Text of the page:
Joined: 24 Jul 2005
Location: Enjoying the CYBER-JUNGLE!
|Posted: Sat Jul 29, 2006 3:53 pm Post subject: Frozen Felines - Cloning as a Species Conservation Tool
|Frozen Felines - Cloning as a Species Conservation Tool
A few days ago, I stumbled upon a video detailing research being done in connection with the preservation of South America's wild felines, utilizing cloning technology. Today, I decided to go on a little cyber-safari. According to the below article regarding the subject of using cloning for species preservation -- various zoos are exploring this option, in additon to other "cloning-related" applications such as in vitro fertilization and other related techniques. It appears that this option is being explored in different places throughout the world!
Social Benefits: Endangered Species
(source: Genetic Savings&Clone Inc. website, 2006)
"Every day, approximately 100 living species disappear due to hunting, poaching, competition between humans and other animals for scarce resources, and, most of all, loss of habitat. With the advent of cloning, wildlife conservationists have a new tool in their efforts to protect endangered species from extinction. Cloning is the new last line of defense for these animals, after habitat preservation, poaching control, and captive breeding."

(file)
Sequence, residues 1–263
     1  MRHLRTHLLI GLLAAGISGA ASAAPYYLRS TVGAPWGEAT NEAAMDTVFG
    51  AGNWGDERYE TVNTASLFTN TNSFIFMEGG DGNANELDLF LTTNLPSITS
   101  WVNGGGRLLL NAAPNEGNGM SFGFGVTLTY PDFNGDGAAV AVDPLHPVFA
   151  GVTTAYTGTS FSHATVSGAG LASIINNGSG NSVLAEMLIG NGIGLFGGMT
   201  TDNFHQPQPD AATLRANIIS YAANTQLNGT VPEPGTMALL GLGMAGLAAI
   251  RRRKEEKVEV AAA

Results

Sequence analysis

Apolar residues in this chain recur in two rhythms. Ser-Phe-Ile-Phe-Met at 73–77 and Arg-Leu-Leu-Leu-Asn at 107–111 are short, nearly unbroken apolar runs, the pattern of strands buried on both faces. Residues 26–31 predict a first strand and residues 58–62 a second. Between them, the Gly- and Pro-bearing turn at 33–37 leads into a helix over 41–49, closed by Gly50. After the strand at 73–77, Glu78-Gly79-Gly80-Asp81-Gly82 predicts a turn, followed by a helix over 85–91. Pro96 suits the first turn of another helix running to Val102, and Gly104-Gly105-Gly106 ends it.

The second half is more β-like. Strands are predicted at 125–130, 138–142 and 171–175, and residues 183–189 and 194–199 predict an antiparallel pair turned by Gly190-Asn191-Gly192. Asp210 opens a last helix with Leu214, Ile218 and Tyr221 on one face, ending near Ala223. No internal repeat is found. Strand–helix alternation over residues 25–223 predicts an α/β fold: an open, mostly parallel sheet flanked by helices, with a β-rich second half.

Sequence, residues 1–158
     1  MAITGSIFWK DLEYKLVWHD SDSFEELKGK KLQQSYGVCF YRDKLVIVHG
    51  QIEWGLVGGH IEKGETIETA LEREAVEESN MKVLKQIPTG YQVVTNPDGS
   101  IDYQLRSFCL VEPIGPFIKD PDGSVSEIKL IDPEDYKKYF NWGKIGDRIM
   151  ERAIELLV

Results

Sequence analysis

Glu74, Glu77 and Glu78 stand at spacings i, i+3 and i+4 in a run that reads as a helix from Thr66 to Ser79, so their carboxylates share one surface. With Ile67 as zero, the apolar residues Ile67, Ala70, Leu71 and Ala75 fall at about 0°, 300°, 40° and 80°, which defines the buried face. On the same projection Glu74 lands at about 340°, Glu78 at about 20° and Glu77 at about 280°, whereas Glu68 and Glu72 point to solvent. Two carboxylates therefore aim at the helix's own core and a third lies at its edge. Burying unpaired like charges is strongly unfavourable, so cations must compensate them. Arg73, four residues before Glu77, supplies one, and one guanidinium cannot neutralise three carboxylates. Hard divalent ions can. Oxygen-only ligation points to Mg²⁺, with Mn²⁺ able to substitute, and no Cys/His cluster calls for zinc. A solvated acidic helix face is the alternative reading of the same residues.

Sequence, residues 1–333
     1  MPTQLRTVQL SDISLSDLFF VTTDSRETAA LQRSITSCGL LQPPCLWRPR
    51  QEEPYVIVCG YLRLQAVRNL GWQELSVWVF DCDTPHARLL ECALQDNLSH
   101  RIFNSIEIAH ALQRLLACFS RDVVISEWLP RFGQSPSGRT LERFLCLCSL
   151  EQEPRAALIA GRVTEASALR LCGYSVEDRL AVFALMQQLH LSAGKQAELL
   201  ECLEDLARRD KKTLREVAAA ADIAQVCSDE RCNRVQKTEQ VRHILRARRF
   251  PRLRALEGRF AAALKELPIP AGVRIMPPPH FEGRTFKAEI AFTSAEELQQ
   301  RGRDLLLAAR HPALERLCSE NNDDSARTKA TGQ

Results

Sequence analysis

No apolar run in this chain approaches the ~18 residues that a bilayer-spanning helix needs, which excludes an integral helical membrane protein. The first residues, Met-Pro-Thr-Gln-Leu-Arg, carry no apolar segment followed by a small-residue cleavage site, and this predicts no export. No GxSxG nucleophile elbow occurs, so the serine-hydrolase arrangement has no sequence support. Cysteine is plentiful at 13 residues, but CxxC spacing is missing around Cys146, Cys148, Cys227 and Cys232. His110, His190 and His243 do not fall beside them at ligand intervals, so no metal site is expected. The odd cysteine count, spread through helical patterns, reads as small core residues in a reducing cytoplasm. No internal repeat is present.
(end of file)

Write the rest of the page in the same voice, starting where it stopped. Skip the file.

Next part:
San Diego Zoo - Center for the Reproduction of Endangered Species (CRES)
"The Center for the Reproduction of Endangered Species (CRES) at the San Diego Zoo has been developing a "Frozen Zoo" of viable cell samples since 1976 that now includes more than 350 species and sub-species. In April 2003, cells stored at this Frozen Zoo were used to produce a pair of cloned Javan bantengs (Bos javanicus, a rare cattle-like species)."
Audubon Center for Research of Endangered Species in New Orleans
"The Centerâ€™s research is showing how cryopreserved biological materials can be transported around the world for use in the reproduction of endangered species. In November 1999, the Center produced the world's first interspecies transfer using an embryo that had been frozen and thawed. "Cayenne," a domestic house cat, gave birth to "Jazz," an African wildcat (Felis silvestris)."
"The Thai government has funded research at the Suranaree University of Technology for the cloning of two vulnerable species, the marbled cat (Pardofelis marmorata) and the serow (Capricornis sumatraensis). Cells for this research come from members of those species housed in state zoos. The project will run for five years and, if successful, will be extended to other species."
South America - South American Cats Become Part of Gene Bank
Read more on the Conservation Status of Wild Felines:
Species Survival PlanÂ® Program (IUCN/SSC) & Red List of Threatened Species
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